40 Meter Visibility


Diving. In. Sipidan. Was. Amazing.

If you are a diver, do whatever you need to do to get your wetsuit wearing, 21% oxygen-breathing ass here.

The catch is it is a protected marine park and only 120 diving permits are issued each day. So, BOOK AHEAD. Like months in advance.

I did not follow my own advice. I tried booking less than a week before we arrived.

How “lucky” we were that there has been some civil unrest (i.e. Filipino Pirates attempting to retake the island.. don’t worry, Mom and Dad, the pirates are gone and all is safe again) in Malaysian Borneo; because of travel warnings (which we conveniently ignored) we were able to score permits to dive on not only one, but two different days. Z lucked out and scored a third day of diving at Sipidan.

We stayed at Seaventures Rig Resort which is a deconverted oil rig that’s been turned into a dive “resort”/dive center.

Aside from the amazing diving underneath the rig itself, at Mabul and Kapalai islands, and at Sipidan island of course, we spent the remainder of the five days rocking out to impromptu dance parties with our new “Belsh” friends (and Frenchie, of course), laughing at the Chinese people who showed up to dive one of the world’s most amazing dive spots but suspiciously didn’t even know how to swim, jumping off the 9 meter high elevator/lift into the water (OK, I did it only once and screamed the whole way down), and learning new words to the song “Come Together” (thanks, Miji).

Here’s the downlow on Sipidan for those researching their own trip.

Sipidan is an island off the coast of Malaysian Borneo; the mainland city is called Semporna. Sipidan is THE place to dive. In the diving world, you will also hear of Mabul Island and Kapalai Island as nearby diving spots, but Sipidan is the place where you’ll see sharks, turtles, giant swirling schools of barracudas, huge groups bumphead parrotfish, etc. This is due to the fact that it is an island that rises directly from the seabed rather than the continental shelf, so the surrounding sea is deeper and the bigger/better/more interesting sealife congregates around it.

Permits are only offered by the resorts that are allotted a portion of the 120 daily permits. I have seen 140 written on some blogs, but this is incorrect. ONLY 120 permits are issued per day! We were just there a few days ago and I saw the list of permits myself at the island check-in desk.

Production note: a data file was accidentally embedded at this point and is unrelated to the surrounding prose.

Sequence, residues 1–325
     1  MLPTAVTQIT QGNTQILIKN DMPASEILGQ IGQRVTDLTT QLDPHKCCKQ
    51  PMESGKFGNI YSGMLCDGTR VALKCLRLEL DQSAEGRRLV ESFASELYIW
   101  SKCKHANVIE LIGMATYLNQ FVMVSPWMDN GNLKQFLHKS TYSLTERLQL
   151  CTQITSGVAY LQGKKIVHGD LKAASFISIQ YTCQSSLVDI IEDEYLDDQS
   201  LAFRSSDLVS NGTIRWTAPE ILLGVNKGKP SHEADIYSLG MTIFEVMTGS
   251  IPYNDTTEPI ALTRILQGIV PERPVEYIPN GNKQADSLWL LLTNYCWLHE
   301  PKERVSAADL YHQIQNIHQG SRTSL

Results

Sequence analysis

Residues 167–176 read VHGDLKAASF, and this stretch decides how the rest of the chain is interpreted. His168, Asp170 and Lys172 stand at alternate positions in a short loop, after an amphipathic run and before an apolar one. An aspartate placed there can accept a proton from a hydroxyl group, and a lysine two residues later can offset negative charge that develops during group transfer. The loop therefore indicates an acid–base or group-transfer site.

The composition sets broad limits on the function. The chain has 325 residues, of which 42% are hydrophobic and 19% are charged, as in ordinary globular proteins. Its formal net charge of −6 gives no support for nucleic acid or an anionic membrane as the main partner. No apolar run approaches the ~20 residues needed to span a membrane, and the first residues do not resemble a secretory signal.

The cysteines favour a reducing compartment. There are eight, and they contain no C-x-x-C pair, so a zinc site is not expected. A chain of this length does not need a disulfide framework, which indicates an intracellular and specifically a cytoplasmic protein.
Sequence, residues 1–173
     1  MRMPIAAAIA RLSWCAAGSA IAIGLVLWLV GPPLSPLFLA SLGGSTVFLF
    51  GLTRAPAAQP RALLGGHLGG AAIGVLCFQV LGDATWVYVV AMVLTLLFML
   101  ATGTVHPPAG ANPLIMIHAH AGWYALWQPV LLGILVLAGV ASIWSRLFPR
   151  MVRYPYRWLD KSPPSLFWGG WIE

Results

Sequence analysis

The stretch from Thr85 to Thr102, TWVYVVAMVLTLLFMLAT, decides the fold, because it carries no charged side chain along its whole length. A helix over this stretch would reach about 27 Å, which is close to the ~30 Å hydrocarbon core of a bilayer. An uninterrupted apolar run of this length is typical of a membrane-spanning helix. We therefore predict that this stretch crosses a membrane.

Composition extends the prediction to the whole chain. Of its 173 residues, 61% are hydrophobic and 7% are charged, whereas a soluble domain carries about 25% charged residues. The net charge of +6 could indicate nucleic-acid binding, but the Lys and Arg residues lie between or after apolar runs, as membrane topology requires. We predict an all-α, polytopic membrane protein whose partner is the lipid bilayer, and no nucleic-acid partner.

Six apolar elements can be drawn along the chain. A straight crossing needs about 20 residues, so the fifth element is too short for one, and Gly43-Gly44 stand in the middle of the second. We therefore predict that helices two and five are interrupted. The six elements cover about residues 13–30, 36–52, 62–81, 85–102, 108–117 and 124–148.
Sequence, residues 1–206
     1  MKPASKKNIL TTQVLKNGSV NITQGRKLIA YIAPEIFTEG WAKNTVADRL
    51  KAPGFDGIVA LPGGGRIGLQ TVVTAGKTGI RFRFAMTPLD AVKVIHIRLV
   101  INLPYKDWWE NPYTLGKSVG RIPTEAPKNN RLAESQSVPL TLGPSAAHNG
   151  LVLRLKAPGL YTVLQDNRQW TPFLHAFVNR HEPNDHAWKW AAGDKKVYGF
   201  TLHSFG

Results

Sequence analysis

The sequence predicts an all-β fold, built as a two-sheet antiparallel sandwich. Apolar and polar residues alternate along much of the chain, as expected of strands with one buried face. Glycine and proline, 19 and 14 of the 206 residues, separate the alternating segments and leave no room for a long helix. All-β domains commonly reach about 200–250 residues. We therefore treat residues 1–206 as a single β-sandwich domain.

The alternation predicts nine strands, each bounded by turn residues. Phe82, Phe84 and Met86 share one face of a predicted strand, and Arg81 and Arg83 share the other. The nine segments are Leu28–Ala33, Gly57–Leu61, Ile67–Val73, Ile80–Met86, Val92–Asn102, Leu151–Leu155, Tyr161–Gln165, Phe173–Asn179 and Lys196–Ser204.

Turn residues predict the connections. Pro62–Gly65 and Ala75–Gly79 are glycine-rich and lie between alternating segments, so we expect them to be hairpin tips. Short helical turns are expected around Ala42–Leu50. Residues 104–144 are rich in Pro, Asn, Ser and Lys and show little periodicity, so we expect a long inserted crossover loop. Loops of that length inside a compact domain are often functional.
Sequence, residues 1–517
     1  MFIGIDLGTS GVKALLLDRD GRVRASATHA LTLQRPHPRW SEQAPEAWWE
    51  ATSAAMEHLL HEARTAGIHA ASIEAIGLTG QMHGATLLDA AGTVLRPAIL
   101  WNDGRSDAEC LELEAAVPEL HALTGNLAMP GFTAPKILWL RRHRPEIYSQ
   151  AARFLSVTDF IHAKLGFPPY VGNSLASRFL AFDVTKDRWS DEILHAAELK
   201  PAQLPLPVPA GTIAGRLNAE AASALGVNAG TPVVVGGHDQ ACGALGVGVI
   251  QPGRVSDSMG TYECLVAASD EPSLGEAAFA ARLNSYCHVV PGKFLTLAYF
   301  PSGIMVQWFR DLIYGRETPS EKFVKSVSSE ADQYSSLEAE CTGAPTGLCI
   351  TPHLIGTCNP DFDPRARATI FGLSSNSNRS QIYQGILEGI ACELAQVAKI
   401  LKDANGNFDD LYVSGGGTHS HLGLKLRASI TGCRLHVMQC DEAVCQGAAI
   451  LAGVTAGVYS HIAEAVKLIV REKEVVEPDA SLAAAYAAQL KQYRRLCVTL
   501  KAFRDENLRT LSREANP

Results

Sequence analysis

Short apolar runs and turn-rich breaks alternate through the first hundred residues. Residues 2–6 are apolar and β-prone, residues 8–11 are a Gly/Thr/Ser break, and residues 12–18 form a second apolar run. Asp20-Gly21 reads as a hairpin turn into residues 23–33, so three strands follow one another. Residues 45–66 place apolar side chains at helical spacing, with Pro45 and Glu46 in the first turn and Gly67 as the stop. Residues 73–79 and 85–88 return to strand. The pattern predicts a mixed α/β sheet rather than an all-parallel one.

Because of the limited permits, most resorts will require you stay four or more days for them to guarantee you one day of diving at Sipidan. We’ve met people along the way who had to stay several weeks just to get a few days of diving at Sipidan. You can also put yourself on a waiting list and potentially get one of the leftover daily permits, but there is NO guarantee for this and in high season it’s extremely unlikely. If you plan to come here, don’t waste your money “hoping” you can score a permit when you arrive if you haven’t booked with a resort already. Book to stay with a resort that guarantees you a permit. The other nearby islands, Mabul and Kapalai, are good, but NOTHING compared to Sipidan. Don’t bother coming here to dive if you can’t dive Sipidan. There are plenty of other places in the world comparable to Mabul and Kapalai.

Seaventures was awesome. We originally booked four days but ended up staying one more. You’d think being on a dive rig all day you might get bored, but you do not. You’re diving basically all day so the downtime is pretty limited. It also might be best to come with a group of friends, as the vibe is heavily determined by the other people on the rig, and if you get a lame group, well, then it’ll probably be lame.

The rig setup itself is perfect- they have a really organized dive shop where you’re issued one set of equipment at the beginning and keep it in a numbered bin the whole time. No switching equipment every day, which is great. Designated freshwater wash bins for rinsing reg separately from wetsuit, and that sort of thing. Free towels to use after the dive. Freshwater showers right near the elevator/lift. Any rental equipment you need, including camera equipment and dive computers. Nitrox, too, if you’re certified. And on the guided boat dives, the DM and crew will load up your tank and BCD/reg so it makes life really easy. You can also use as many tanks as you want to dive on your own when you’re not going off on the guided boat dives with the DM. There are a stash of fresh, full, tanks… just grab one, take the elevator straight down into the water, and dive underneath the rig. Some pretty cool stuff down there! We even rented torches and did a night dive one night underneath. We got a little lost, but, hey, what can you do.

A very small sampling of what we experienced last week:


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